As you can read here, RRP perform a major makeover on the basic OE forks whose main attribute is that they have a chunky 41-mm diametre. The extra height giving 170mm of travel is achieved by fitting a dog-legged (or is it gull-winged?) top triple clamp so the fork top sits a little lower, as well as doing something inside the tubes, all to make room for the larger diametre wheel. Inside they fit full length linear springs (in three rates; assume I got the heaviest) plus new damping rods with a shim stack (a form of cartridge emulation?) plus thinner oil. My contribution to the party: a nice pair of floppy rubber gaiters.
The forks get preload adjustment as well as bleed valves on the tops, and after T1, I cranked them up a full turn and a bit. With the back-end similarly jacked up, that was a great improvement on the piste, but I can’t say the action on small, sharp-edged bumps (stones and rock ledges on the piste; pothole edges on the road) matched that of my old Hyperpro-shod X-Country. It’s probable that running the front K60 at no less than 26psi (it being tubeless on a non-tubeless rim) may have contributed to the harsh response to sharp edges. Also, the XCo was 30-kg lighter with 220mm of travel up front, but no adjustment and it ran on the same terrain on similar tyres at the same pressures. On the road there’s not much in it but when combined with the HP shock, it was probably the best suspension I’ve just off road since my IT250J.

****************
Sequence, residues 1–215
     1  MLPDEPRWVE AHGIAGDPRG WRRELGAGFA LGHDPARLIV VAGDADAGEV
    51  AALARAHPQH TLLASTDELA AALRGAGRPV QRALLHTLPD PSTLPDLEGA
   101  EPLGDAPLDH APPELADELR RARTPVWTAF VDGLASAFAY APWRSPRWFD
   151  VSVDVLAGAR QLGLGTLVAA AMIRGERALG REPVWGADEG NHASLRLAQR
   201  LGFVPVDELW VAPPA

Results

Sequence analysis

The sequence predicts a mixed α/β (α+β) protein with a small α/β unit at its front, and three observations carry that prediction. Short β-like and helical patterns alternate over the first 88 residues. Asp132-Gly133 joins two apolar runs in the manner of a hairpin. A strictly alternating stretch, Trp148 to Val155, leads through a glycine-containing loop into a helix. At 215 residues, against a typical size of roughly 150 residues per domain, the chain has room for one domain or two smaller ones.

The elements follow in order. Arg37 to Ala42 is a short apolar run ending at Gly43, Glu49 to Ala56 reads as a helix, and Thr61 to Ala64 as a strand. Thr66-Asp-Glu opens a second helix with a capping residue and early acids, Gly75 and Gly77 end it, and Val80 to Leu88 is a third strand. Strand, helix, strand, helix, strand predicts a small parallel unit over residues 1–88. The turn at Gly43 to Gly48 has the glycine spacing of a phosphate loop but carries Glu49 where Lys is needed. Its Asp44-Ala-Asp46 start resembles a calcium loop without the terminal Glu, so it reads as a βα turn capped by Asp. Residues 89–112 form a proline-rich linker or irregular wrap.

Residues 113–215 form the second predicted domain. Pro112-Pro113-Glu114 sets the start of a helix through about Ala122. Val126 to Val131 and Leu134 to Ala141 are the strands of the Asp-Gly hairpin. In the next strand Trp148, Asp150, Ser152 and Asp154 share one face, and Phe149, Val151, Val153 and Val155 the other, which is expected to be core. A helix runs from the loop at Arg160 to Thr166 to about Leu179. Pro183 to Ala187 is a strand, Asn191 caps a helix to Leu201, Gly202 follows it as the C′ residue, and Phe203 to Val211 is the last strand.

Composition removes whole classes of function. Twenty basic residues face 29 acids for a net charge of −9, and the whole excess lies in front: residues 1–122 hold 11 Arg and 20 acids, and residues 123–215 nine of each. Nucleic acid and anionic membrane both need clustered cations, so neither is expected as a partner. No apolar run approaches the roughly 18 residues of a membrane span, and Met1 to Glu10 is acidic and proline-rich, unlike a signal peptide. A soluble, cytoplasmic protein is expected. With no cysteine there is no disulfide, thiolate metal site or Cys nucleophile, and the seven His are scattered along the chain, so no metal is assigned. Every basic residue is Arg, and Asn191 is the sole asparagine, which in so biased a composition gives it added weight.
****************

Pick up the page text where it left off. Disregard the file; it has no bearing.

Discounting the fickle eye of the beholder, as of just now I’ve unearthed three-and-a-half actual reasons why USD forks are better than RWU: less deflection (fatter ø tube near the fulcrum); reduced unsprung weight; more travel (hard to work those two out), and it’s said, most USDs are cartridge (long story; look it up). The other difference is Hyperpro progressive springs.